Get your first book for $9.99 with code BREEZE at checkout.

Join today!

We’ll make this quick.

We’ll make this quick.

First, enter your email. Then choose your move.

By pressing "Pick a book now" or "Pick a book later", you agree to Book of the Month’s Terms of use and Privacy policy.

Get your first book for $9.99 with code BREEZE at checkout.

Join today!
undefined

You did it!

You did it!

Your account is now up to date.

get the appget the app

Our app is where it’s at.

Unlock our Reading Challenge, earn prizes, and get notified of new books on our app.

Our app is where it’s at.

Unlock our Reading Challenge, earn prizes, and get notified of new books on our app.

get the ios appget the android app

Already have the app? Explore here.

get the ios appget the android app
The House Is On Fire by Rachel Beanland

Historical fiction

The House Is On Fire

by Rachel Beanland

Excellent choice

Excellent choice

Just enter your email to add this book to your box.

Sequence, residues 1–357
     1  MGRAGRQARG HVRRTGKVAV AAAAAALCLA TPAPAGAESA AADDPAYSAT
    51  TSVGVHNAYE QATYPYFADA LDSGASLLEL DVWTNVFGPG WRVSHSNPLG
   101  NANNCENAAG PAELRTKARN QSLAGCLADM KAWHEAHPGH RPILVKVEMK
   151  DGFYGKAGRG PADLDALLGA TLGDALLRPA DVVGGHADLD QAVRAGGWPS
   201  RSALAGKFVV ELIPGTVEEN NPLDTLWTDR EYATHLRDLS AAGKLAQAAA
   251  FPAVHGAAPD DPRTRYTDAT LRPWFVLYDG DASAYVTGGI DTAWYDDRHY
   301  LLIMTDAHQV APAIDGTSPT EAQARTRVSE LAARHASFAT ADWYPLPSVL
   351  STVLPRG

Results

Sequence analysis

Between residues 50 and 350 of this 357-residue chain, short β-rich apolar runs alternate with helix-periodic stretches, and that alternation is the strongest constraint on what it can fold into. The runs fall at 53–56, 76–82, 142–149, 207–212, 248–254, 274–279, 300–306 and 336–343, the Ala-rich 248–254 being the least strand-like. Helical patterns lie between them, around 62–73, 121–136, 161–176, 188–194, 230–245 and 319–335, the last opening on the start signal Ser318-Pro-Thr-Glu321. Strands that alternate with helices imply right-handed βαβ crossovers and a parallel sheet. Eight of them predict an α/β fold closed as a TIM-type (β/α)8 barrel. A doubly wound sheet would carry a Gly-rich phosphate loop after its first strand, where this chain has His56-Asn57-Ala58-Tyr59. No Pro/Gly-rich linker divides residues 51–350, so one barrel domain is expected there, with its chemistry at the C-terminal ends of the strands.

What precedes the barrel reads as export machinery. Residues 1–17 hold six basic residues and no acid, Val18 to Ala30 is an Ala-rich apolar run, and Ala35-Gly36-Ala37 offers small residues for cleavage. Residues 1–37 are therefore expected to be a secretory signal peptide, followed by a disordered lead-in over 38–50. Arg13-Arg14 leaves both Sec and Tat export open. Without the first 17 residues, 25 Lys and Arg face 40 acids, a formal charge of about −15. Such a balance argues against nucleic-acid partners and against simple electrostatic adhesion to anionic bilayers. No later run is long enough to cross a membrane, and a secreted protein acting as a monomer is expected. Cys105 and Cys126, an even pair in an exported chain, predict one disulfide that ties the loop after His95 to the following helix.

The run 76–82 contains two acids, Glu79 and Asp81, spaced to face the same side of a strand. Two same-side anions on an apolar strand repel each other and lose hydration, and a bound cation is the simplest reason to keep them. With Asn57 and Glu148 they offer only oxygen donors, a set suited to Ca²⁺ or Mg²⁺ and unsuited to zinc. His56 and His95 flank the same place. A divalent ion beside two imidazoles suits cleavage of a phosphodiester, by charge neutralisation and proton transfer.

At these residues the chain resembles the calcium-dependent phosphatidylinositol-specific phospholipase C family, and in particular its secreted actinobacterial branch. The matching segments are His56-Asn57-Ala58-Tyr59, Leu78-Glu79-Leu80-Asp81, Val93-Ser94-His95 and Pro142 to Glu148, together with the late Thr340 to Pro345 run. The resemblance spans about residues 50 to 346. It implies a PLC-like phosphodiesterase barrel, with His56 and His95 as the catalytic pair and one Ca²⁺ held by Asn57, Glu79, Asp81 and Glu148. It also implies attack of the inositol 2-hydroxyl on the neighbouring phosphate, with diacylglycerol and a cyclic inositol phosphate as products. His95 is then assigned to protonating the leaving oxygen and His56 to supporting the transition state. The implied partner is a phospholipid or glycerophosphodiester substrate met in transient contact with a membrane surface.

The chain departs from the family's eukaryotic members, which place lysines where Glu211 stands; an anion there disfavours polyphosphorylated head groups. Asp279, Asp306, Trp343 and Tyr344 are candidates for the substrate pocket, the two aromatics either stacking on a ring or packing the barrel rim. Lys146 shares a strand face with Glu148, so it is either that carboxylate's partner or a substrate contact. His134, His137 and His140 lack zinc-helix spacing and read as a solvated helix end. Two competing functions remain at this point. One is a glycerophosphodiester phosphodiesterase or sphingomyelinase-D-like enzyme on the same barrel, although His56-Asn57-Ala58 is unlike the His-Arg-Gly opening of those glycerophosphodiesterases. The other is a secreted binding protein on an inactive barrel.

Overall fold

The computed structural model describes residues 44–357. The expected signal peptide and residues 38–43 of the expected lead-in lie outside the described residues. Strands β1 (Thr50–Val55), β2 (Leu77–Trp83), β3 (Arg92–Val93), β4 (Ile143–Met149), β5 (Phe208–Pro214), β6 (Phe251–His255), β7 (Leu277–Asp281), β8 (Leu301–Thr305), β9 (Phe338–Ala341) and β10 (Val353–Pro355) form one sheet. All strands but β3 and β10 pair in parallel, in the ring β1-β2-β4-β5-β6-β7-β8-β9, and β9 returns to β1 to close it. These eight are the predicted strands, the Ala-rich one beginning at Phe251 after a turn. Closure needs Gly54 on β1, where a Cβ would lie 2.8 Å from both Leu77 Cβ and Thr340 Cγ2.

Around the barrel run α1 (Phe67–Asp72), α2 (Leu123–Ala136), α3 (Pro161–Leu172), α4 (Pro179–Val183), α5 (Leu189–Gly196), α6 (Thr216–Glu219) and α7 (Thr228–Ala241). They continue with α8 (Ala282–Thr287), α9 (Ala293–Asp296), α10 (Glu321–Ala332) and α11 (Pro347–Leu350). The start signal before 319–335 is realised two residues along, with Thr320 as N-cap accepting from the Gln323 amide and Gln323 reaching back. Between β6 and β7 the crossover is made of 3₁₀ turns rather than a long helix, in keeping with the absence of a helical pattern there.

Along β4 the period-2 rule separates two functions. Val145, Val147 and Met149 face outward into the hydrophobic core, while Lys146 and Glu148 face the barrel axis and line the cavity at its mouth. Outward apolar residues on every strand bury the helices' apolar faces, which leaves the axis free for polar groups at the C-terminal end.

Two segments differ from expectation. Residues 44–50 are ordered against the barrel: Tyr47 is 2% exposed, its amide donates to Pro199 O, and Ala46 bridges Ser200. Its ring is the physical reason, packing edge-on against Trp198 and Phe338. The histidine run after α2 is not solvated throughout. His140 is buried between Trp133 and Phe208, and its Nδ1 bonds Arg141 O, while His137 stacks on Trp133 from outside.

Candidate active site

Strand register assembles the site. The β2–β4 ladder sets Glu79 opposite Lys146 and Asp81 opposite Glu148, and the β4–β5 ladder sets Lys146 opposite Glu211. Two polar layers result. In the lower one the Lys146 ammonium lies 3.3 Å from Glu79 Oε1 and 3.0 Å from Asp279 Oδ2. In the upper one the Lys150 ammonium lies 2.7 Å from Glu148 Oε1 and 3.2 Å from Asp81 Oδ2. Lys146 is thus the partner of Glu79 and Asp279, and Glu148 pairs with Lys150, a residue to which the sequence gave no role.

By pressing "Add to box", you agree to Book of the Month’s Terms of use and Privacy policy.

Ear-nings rewards

Ear-nings rewards

0/5

You’re 5 audiobooks away from a free credit!

Quick Take

Sweeping but intimate, four lives and a community are irreparably changed in this story of a 19th-century theater fire.

Good to know

  • Illustrated icon, Multiple_Viewpoints

    Multiple viewpoints

  • Illustrated icon, Literary

    Literary

  • Illustrated icon, Real_life_characters

    Real-life characters

  • Illustrated icon, Graphic_Content

    Graphic violence

Synopsis